"The word ‘slut’ is not just degrading to women, but it is also used by society and the system to justify rape,"said Bracha Barad of the Kulan group, which organized Saturday’s SlutWalk through central Tel Aviv, explaining the provocative name and outfits of the participants. “There is no connection whatsoever between sex and sexual violence and there is no connection between the victim's clothing or her sexual past and the attack she has undergone.”
The mostly female crowd, estimated at between 2,000 and 5,000 by Israeli media outlets, brandished posters of public figures implicated in sexual assault allegations, such as ex-president Moshe Katsav, and chanted slogans like “No means no”, “Silence doesn’t mean consent”, “Not your toy” and “Polite women don’t make history.”
The movement began in 2011, after a Toronto police official urged women not to “dress like sluts” in order to lessen the risk of sexual assaults, which many interpreted as victim-blaming, before resolving to reclaim the word 'slut' by making it a centerpiece of their protest.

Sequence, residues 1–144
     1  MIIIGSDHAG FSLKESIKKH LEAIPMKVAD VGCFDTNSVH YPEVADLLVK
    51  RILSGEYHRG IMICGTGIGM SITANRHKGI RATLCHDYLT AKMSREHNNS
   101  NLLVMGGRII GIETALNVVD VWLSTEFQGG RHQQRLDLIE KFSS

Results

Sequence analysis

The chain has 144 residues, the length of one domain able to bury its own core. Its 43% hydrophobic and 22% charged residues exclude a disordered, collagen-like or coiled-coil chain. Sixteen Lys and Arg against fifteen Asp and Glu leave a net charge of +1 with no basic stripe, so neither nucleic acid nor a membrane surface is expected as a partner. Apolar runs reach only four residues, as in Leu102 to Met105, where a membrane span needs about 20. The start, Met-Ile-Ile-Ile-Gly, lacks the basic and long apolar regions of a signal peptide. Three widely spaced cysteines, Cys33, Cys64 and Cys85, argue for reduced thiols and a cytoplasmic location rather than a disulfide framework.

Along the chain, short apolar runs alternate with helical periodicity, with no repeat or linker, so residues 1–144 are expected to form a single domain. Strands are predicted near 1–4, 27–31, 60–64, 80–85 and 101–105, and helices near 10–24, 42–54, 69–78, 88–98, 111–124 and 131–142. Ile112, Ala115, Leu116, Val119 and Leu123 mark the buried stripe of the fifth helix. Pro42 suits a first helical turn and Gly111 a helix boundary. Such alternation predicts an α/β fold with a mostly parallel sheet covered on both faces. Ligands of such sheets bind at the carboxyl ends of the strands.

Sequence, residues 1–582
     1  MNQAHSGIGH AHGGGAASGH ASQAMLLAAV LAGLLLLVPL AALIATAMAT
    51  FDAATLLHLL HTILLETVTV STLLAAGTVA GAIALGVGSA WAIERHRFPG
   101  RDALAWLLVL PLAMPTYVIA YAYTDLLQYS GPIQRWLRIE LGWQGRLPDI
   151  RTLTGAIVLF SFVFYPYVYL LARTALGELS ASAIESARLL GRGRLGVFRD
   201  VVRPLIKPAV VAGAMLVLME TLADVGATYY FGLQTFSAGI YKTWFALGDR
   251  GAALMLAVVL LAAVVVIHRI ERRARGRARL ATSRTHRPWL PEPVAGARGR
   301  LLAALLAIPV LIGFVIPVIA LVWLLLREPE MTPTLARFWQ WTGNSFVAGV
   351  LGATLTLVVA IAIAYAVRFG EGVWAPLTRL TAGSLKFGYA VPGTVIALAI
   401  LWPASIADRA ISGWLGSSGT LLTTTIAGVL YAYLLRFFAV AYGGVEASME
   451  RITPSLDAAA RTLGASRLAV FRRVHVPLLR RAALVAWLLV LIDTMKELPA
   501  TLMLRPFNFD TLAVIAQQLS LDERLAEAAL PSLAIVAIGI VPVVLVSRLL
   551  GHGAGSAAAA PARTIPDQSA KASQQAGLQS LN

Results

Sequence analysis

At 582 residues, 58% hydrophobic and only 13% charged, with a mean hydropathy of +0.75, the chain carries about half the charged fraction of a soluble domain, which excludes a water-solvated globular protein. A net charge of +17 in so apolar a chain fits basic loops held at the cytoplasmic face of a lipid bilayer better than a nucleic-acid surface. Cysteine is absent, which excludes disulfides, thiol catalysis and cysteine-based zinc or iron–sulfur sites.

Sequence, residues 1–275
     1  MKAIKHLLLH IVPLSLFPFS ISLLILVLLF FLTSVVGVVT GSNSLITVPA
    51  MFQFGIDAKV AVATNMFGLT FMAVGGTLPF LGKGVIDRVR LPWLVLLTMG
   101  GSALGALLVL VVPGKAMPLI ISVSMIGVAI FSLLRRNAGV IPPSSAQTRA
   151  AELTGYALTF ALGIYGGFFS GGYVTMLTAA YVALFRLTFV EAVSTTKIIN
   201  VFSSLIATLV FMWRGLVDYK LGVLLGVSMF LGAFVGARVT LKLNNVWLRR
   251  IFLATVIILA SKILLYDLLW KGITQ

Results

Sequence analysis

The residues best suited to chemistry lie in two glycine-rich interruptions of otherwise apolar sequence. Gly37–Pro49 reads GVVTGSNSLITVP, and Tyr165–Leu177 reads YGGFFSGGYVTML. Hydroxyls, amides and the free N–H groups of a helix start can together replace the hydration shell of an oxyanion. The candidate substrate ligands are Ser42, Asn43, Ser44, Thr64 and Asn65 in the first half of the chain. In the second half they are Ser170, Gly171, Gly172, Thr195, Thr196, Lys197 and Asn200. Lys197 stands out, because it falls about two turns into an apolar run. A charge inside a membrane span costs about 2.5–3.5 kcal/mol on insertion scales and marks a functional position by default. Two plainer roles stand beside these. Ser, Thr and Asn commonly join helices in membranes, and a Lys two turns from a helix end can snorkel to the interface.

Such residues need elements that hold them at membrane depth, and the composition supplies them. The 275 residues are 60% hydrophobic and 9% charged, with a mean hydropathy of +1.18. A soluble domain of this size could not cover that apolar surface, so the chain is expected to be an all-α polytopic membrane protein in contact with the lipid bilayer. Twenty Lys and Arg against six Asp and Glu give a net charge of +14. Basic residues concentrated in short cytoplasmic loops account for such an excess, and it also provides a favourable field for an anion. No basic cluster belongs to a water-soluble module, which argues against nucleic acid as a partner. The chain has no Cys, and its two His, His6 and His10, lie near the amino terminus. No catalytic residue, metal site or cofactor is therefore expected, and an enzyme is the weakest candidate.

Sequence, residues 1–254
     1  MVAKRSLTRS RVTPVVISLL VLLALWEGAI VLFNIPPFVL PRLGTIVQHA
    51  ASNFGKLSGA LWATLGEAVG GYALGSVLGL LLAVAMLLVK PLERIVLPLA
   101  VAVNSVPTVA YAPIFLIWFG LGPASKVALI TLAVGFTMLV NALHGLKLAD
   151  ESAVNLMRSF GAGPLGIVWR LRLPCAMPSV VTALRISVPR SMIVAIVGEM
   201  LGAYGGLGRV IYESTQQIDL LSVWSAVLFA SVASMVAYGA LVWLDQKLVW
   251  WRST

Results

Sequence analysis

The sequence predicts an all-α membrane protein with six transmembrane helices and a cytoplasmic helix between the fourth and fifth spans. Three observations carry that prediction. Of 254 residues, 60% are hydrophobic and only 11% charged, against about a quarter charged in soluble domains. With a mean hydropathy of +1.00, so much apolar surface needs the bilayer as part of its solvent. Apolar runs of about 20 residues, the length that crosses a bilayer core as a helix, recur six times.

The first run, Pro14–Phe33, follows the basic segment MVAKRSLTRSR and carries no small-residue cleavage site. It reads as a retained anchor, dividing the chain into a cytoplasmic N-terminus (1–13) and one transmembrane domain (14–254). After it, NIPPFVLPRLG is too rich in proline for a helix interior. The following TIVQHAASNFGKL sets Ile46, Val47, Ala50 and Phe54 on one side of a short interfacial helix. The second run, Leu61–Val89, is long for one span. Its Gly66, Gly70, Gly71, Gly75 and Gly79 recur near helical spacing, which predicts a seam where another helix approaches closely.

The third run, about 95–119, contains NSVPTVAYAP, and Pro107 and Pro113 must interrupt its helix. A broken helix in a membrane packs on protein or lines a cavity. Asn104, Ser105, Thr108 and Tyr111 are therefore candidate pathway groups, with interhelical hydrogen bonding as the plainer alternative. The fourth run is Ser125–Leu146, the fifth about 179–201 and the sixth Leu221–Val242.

Since then, dozens of similar walks have taken place all over the world, but the movement has been reinvigorated by the #MeToo scandal, which has once again brought focus not only on stories of abuse, but also how they were subsequently dealt with by those in power.
“We demand justice and radical and systematic change,” Barad explained. “The law-enforcement authorities are quick to give a pass to rapists, but for the victims an impossible criminal bar is set by the establishment. Women are overwhelmingly abandoned by the establishment, and it starts in the police and continues up to the State Attorney’s office and the courts.”
While the #MeToo movement has largely been hailed as empowering to women, others say it has simply gone too far. One of those people is French actress Catherine Deneuve, who along with 99 other prominent French women signed an open letter in January which said the movement allows for men to be seen as sex offenders based on simple accusations, with no chance to defend themselves.
Condoleezza Rice, who served as US Secretary of State under George W. Bush, also warned that the #MeToo movement risks “infantilizing” women.
“I do think we have to be a little bit careful. Let’s not turn women into snowflakes. Let’s not infantilize women,” Rice said. She expressed concern that the movement might “get to a place that men start to think, ‘Well, maybe it’s just better not to have women around...’ I’ve heard a little bit of that, and it worries me.”